ROBERT B. WRIGHT, M.D.; FRANK W. HACHTEL, M.D.
Histoplasmosis is a rare, anatomically widely disseminated, usually fatal fungus infection often characterized by fever, anemia, leukopenia and splenomegaly. The condition is caused by Histoplasma capsulatum which may be found in large numbers in the reticulo-endothelial cells and may be cultivated from the blood and other tissues. No specific therapy has been found. Mantell et al., as reported by Meleney,1 used a pentavalent antimony preparation (Neostam) possibly with some success.
The fungus, H. capsulatum, has two forms. One is yeast-like and occurs in the blood and reticulo-endothelial cells. The other, the mycelial form, is assumed when it is grown outside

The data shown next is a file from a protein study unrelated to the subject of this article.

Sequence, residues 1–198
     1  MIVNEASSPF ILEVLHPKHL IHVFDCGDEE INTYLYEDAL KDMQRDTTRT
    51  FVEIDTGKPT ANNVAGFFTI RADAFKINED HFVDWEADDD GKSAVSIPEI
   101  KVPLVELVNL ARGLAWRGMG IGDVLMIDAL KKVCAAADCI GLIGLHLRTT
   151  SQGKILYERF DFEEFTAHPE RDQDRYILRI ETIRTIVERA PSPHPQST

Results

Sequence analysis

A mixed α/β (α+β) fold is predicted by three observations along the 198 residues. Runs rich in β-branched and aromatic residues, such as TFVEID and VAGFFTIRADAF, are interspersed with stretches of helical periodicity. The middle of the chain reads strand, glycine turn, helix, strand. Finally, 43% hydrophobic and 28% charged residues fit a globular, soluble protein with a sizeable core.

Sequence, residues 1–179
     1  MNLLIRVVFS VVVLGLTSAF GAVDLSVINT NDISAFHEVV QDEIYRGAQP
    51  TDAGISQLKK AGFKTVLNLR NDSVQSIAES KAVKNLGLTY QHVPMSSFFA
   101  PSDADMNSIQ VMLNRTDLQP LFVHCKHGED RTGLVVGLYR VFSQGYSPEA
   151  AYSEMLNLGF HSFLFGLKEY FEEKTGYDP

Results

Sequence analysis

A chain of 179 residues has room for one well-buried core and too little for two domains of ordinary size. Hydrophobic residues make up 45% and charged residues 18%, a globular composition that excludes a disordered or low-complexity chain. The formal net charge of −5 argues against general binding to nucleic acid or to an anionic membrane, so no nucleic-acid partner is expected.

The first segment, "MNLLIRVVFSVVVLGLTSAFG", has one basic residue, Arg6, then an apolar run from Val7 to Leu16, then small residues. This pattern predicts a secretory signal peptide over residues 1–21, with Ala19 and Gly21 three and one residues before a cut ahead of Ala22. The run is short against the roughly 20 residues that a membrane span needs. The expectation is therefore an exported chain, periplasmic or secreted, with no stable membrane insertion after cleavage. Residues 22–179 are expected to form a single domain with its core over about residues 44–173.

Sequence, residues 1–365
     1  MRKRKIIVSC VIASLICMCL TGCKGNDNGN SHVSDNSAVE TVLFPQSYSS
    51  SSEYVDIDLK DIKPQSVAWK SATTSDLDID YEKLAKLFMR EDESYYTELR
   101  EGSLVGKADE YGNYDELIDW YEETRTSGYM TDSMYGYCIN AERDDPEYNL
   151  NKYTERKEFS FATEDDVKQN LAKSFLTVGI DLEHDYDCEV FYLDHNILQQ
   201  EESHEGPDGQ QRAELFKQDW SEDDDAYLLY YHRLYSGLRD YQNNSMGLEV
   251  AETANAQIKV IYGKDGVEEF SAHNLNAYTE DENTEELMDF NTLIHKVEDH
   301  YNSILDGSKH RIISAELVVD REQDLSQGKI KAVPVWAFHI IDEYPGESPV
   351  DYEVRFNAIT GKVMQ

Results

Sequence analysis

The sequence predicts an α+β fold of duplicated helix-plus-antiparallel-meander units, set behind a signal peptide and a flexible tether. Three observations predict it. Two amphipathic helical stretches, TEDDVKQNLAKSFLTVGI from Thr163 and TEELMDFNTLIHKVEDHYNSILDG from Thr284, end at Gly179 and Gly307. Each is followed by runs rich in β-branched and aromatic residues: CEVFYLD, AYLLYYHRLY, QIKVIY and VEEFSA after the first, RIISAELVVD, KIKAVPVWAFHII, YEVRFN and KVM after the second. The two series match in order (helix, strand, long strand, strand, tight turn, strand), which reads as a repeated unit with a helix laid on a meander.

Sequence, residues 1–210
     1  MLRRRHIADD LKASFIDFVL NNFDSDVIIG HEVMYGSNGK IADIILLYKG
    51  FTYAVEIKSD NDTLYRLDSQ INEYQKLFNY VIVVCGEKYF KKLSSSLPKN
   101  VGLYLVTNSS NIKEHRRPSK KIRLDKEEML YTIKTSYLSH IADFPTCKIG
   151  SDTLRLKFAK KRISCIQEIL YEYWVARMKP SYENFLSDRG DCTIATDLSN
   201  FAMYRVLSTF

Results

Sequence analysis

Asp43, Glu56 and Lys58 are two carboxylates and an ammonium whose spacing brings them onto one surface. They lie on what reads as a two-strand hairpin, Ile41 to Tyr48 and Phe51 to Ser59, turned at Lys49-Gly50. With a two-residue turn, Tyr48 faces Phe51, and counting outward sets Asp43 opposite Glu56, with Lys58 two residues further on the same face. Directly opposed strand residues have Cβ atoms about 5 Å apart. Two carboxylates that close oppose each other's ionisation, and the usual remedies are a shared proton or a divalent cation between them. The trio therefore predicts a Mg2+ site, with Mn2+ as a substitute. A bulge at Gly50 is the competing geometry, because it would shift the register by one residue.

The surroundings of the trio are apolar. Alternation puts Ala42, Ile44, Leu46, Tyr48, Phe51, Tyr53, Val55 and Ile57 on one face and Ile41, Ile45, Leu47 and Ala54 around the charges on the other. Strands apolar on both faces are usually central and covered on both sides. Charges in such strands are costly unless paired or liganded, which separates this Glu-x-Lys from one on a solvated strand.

WRIGHT RB, HACHTEL FW. HISTOPLASMOSIS OF DARLING; REPORT OF A CASE1. Ann Intern Med. 1941;15:309–319. doi: 10.7326/0003-4819-15-2-309
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Published: Ann Intern Med. 1941;15(2):309-319.
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